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Due to little rainfall during the last four months, the water level in the conservancies has dropped sharply resulting in water conservation measures and the necessity to pump from creeks and rivers to maintain sufficient water to ensure movement of cane punts and processing of sugar at the nation's eight sugar factories.
Head of the Water Management Department of the Guyana Sugar Corporation (GUYSUCO), Mr. Omadatt Persaud told the Chronicle that water conservation measures were in place on all estates, but noted that there is no immediate danger of losses in crop and production targets.
He said the shortage of water at the Demerara Estates and Blairmont is more pronounced, but in East Berbice the situation is more encouraging.
Because of the extremely low water level in the Boerasirie Conservancy which supplies the West Demerara estates and rice and cash crops with drainage and irrigation water, pumping from the Bonasika and Waramia creeks has begun to maintain enough water for the navigation of cane punts along the canals and trenches, Persaud said.
The punts take reaped cane from the fields to the factories for processing into sugar.
On the East Demerara drastic conservation measures have been implemented, including re-circulation of water and the separation of water for navigation and processing at Enmore Estate, he said.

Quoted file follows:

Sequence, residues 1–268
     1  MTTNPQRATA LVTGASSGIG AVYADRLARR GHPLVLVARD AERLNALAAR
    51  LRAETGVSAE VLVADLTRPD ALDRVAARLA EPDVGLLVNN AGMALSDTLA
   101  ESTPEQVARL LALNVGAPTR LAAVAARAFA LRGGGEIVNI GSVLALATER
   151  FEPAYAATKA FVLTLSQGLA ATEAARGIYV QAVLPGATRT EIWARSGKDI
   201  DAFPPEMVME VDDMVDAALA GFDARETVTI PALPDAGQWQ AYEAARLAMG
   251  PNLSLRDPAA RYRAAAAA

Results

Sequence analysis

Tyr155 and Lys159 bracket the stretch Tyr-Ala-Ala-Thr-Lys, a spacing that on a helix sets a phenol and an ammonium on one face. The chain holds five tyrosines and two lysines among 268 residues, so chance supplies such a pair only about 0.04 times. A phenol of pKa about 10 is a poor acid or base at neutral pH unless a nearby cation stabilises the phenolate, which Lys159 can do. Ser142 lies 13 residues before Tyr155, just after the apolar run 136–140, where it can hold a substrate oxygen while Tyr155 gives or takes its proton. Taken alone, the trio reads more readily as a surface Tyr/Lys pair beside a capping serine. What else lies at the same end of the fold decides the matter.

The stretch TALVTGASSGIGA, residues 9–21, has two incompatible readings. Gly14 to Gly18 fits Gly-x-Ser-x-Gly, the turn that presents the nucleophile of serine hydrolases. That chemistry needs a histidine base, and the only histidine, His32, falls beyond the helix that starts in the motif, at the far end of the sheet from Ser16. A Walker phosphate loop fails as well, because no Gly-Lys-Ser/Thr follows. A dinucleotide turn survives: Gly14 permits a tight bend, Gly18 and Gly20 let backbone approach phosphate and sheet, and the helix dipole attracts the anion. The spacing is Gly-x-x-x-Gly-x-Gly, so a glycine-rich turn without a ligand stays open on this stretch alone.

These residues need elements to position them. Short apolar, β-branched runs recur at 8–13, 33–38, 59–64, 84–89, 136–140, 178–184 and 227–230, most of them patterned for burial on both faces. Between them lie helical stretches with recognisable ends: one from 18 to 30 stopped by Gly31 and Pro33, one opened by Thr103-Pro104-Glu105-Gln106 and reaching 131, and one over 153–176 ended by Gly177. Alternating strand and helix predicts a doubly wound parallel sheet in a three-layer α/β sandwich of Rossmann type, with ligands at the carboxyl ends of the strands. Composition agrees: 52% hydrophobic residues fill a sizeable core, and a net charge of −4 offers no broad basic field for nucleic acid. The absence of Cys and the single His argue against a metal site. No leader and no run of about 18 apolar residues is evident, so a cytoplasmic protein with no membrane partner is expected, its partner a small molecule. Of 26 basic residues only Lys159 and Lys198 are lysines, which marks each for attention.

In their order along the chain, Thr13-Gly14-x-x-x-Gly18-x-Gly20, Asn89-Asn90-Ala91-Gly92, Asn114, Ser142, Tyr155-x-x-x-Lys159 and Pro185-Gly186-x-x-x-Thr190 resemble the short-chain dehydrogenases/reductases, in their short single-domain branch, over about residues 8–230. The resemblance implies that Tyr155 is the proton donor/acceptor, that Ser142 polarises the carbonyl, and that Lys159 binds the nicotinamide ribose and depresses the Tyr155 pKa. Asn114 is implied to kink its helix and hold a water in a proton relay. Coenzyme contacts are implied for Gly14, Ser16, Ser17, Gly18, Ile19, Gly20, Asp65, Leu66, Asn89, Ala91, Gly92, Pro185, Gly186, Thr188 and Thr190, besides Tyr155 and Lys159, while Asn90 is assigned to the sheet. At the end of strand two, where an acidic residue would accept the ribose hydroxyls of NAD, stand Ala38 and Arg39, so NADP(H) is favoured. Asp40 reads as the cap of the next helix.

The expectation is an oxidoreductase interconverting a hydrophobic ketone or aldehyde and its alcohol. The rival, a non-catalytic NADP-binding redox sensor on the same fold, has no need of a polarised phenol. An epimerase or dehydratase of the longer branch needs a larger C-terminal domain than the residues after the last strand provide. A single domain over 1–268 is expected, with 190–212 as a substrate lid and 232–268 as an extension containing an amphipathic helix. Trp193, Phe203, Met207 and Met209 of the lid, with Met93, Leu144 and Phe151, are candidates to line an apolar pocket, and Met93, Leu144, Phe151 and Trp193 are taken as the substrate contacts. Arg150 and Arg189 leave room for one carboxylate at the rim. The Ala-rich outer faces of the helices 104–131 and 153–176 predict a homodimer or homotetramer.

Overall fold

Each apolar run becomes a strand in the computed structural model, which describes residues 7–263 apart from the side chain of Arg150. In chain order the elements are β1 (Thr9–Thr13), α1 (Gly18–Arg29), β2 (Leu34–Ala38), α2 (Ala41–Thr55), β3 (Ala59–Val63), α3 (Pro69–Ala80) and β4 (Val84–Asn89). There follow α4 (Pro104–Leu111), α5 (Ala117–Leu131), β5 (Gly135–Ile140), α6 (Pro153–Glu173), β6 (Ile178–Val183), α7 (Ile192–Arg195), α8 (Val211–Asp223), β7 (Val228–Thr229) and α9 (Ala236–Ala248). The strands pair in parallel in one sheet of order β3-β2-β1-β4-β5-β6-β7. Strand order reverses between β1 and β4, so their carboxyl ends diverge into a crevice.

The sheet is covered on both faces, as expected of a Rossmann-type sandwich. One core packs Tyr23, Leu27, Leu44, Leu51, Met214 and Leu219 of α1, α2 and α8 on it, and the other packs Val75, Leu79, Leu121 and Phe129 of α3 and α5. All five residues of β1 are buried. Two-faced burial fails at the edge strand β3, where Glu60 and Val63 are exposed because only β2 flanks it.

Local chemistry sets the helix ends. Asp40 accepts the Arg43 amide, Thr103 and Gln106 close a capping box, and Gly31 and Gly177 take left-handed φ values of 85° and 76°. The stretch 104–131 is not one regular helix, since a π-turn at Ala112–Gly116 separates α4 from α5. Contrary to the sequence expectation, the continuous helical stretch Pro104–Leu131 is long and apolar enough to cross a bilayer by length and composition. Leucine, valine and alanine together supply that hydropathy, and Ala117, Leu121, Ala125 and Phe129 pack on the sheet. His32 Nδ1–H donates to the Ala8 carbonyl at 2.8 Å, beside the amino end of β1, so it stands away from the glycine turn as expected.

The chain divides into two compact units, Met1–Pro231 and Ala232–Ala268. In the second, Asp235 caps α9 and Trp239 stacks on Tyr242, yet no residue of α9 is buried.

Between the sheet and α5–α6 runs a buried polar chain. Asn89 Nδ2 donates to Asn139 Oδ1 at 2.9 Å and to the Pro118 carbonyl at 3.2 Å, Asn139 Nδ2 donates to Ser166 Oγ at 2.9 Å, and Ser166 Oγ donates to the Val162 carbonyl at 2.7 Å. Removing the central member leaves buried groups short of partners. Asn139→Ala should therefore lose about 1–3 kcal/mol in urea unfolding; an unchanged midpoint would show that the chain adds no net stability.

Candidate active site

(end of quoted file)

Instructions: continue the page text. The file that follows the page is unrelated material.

At Blairmont efforts are under way to obtain water from the Mahaica/Mahaicony/Abary Scheme (MMA) to boost water levels there, Persaud said
In East Berbice water is being obtained from the Canje and Berbice rivers and the Torani Canal and recirculation systems are also in effect, he explained.
He, however, observed that because of the critical water situation the normal threshold levels of salt content in the water around the estates has been exceeded.
He pointed out that the normal threshold level is about 500 parts of salt to 1,000,000 parts of water but the current average proportion is around 1,500 parts of salt to 1,000,000 parts of water.
Should the current climatic trend continue conservation measure would have to be drastically intensified, Persaud indicated but expressed optimism that the current crop would pull through without major difficulties.
The production target for this sugar crop is 136,000 tonnes.
In the rice sector overall the situation is good with harvesting already started in some areas but specific communities have been seriously affected.
General Secretary of the Guyana Rice Producers Association (RPA), Mr. Dharamkumar Seeraj told the Chronicle that the shortage of water has caused some loss of crops in a few locations.
But he also expressed optimism that the crop would be a good one for both farmers and the rice industry as a whole.
Seeraj said that at Nismes on the West Bank Demerara, about 600 acres of paddy have been lost, while at Mahaica, De Hoop, Mahaicony and Leguan 200, 3,000, 1,500 and 70 acres have been lost, respectively.
He said the RPA is in negotiations with the owner of a private canal to pump water through his facility to alleviate the situation on the left bank of the Mahaicony River, but he has not yet given approval.
Negotiations are also under way with MMA authorities for them to release water to another cultivated area in Mahaicony-Area 2 which urgently needs water because it has the "youngest crop" of all the cultivated areas, Seeraj added.
The situation on the Corentyne, Crabwood Creek and Black Bush Polder is stable and harvesting has already begun on the Essequibo Coast, he said.
He said estimated rice production for the current crop is 4.5 million bags of paddy or 2.5 million bags of rice from a total cultivation of 170,000 acres.